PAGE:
CalTech astronomer Fritz Zwicky had many achievements which included the following…In 1937, Zwicky proposed that galaxy clusters could act as gravitational lenses using Einstein’s newly discovered theory. It wasn’t until 1979, when the first observation was accomplished, thus confirming his proposal.
He also worked with others on pioneering Schmidt telescopes where he searched for supernovae and discovered about 120 on his own. But one of his more controversial proposals came from observing stars that were moving so fast, gravity shouldn’t have held them together. To fill in this gap, he postulated that an unseen amount of matter was present.
The proposal became widely accepted by secular astrophysicists despite the fact it remained directly undetected. However, not all secular astrophysicists were convinced. Moffat and Joel Brownstein of Canada’s Perimiter Institute for Theoretical Physics published an alternative view and that was modifying the theory of gravity which they called, “MOG”. In particular, they modified one of Einstein’s equations that explains how mass warps space and time, Moffat explained how the effect of gravity may be more substantial in galactic scales than in smaller scales.
“…it has successfully predicted their motions ‘without the necessity of adding dark matter,’” reports ScienceNOW.”
Because of the popularity among secular astrophysicists despite evidence to the contrary, the quest for dark matter remained at a high level of priority which was now a critical part of the explanation of the big bang theory. Where it is predicted that the origin of the universe had equal amounts of matter and antimatter. Antimatter is the same as matter with the same mass as showed by a proton and an antiproton having the same mass to within one part in 10 billion. However, observational problems occurred because no antimatter domains were detected in space within 20 megaparsecs of the Earth.
In 2009, there was a startling discovery that revealed an excess of these antimatter particles in cosmic rays that came from an European astrophysics experiment. In May 16, 2011, the Alpha Magnetic Spectrometer with a hefty price tag, costing two billion dollars was launched. Its mission is to measure cosmic rays for the purpose of explaining the origin of the universe and attempt to detect directly, dark matter.
More recently, Stefan Funk and Justin Vandenbroucke from Stanford University, came up with an idea that was inspired by the European astrophysics experiment using the Fermi Gamma-ray Space Telescope. It was launched in June 2008, with a hefty price tag of $690 million dollars, that has been providing scientists with improved data on gamma rays. The idea wasn’t part of the telescope’s mission but Stefan Funk and Justin Vandenbroucke wondered if it still could be accomplished, specifically the observation of electrons and their antimatter twins, positrons.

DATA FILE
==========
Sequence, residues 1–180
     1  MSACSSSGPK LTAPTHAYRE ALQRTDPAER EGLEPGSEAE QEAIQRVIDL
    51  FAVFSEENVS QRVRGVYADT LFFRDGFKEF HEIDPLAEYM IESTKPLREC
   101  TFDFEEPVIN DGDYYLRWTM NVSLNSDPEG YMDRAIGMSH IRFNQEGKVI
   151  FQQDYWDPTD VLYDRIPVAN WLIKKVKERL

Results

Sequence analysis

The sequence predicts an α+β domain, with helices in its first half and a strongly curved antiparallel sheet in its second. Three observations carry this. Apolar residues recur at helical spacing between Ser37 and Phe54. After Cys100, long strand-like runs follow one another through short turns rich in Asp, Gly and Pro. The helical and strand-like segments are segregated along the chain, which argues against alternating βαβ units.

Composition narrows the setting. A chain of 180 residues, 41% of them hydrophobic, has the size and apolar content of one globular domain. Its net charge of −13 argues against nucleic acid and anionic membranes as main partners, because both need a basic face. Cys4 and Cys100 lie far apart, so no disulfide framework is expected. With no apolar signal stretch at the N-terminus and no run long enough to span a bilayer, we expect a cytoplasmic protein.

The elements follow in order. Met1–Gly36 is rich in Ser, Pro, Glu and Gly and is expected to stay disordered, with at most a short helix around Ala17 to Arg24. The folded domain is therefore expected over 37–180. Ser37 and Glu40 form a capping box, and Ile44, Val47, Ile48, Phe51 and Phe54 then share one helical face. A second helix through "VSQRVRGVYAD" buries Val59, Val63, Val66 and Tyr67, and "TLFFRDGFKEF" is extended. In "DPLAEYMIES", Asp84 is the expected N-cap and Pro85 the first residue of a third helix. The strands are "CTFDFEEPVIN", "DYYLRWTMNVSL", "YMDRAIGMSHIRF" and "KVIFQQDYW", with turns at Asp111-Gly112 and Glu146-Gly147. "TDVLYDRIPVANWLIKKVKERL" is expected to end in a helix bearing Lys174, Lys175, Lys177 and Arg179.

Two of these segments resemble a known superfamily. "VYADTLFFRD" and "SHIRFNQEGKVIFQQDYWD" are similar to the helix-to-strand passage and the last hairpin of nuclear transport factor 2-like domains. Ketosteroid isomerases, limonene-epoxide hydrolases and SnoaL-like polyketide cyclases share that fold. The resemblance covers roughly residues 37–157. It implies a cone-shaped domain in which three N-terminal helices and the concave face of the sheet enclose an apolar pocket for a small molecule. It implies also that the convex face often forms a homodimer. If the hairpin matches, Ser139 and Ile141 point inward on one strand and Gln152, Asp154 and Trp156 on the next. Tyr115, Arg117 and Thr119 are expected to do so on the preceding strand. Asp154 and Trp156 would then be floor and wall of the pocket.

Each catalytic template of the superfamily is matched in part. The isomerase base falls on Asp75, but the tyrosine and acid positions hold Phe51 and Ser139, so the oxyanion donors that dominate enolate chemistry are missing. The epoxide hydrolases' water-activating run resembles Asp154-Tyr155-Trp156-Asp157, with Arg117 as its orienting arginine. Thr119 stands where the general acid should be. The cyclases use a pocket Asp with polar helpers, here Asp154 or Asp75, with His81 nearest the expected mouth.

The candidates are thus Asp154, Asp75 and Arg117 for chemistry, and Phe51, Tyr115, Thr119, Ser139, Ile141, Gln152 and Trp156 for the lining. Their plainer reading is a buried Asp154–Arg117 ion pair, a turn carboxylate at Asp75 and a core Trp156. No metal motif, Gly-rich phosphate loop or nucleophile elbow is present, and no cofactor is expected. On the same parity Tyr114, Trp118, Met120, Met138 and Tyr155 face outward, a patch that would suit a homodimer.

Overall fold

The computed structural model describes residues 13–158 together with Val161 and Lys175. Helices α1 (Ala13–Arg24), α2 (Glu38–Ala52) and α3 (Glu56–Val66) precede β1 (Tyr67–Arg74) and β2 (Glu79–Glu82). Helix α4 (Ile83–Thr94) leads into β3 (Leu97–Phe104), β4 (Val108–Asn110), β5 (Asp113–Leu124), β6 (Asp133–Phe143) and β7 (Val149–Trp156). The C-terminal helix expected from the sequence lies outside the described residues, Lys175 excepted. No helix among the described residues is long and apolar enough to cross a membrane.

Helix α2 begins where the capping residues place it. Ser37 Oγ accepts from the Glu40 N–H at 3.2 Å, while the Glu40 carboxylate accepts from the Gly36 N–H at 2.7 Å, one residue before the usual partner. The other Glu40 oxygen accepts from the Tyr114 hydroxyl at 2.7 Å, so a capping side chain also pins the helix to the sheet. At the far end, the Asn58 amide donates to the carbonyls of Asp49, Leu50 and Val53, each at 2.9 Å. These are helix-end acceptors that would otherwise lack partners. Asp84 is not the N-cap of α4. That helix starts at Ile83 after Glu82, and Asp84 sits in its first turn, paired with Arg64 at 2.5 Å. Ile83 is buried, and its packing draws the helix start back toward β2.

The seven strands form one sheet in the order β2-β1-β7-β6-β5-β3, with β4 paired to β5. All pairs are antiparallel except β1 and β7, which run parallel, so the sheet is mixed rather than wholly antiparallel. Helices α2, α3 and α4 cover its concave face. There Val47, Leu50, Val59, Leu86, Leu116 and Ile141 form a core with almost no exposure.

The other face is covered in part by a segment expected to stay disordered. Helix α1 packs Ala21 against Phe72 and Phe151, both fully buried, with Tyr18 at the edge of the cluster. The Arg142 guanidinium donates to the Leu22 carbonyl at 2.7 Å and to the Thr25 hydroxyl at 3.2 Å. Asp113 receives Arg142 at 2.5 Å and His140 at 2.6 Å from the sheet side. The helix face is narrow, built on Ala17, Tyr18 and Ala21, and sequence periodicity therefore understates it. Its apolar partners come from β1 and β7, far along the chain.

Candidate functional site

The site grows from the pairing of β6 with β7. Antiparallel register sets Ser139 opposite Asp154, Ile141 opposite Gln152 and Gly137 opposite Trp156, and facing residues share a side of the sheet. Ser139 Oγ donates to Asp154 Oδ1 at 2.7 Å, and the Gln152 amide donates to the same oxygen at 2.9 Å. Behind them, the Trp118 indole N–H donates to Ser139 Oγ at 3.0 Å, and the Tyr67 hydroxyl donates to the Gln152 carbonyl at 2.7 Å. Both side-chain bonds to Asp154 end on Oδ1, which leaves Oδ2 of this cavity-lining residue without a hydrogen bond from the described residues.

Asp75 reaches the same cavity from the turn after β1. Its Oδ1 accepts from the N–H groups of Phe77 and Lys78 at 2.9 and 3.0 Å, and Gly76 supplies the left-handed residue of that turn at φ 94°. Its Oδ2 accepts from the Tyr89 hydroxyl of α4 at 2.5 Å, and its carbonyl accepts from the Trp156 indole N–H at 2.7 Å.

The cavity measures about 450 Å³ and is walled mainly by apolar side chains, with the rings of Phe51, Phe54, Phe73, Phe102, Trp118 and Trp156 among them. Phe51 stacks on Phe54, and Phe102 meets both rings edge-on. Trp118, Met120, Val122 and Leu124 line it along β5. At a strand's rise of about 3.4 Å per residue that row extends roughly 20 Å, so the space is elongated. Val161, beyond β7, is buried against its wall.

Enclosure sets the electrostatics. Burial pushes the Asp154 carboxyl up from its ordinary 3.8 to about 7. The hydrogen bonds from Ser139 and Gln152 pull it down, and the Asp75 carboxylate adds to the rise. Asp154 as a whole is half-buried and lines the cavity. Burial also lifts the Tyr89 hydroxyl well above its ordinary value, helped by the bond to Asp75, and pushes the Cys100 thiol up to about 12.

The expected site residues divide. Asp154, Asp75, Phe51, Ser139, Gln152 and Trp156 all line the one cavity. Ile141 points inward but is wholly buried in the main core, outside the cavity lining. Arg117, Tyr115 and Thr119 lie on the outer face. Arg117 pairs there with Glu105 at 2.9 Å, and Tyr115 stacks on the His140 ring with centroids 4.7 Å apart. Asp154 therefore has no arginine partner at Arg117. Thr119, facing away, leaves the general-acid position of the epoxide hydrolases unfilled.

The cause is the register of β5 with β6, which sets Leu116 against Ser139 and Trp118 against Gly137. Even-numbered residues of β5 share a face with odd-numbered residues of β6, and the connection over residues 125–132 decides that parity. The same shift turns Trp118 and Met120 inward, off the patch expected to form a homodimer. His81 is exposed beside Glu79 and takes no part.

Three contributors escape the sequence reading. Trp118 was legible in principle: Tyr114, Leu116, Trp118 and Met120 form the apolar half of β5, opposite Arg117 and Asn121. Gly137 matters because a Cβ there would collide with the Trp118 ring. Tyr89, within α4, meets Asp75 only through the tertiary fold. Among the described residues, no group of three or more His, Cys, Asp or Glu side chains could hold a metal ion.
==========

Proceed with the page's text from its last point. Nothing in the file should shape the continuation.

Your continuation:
This was designed to try to detect, “a sudden drop-off of this excess in those cosmic rays beyond a certain energy level, as many theories predicted would happen if dark matter was involved.” But the observation did not turn up what was predicted, there was no sudden drop-off in the cosmic rays. Thus what was deemed as a promising piece of the puzzle now seems to be in doubt.
In Science Daily…
“Their result casts doubt on the dark matter explanation, which is one reason why the paper started making news just four days after it was published online. The first scholarly paper on the implications of Funk and Vandenbroucke’s work appeared on the physics archive soon thereafter. That paper declared that “the standard positron production scenario must be incomplete.” In other words: Who knows where these excess positrons are coming from?”
So why is all this money being poured into trying to detect dark matter? After all, the money being allocated for these missions could be used for things like fighting diseases, stem cell research, engineering where research focuses on plants and animals to come up with amazing new products or technology. The reason being, the big bang theory relies on dark matter. It is required. It heavily relies on other invisible items as well like dark energy and inflation.
But for creationists models, it doesn’t require dark matter, but even if dark matter were to be detected, the outcome doesn’t affect their models either. This is not to say, these type of observation tools being used to measure such things as gamma rays are totally useless, on the contrary.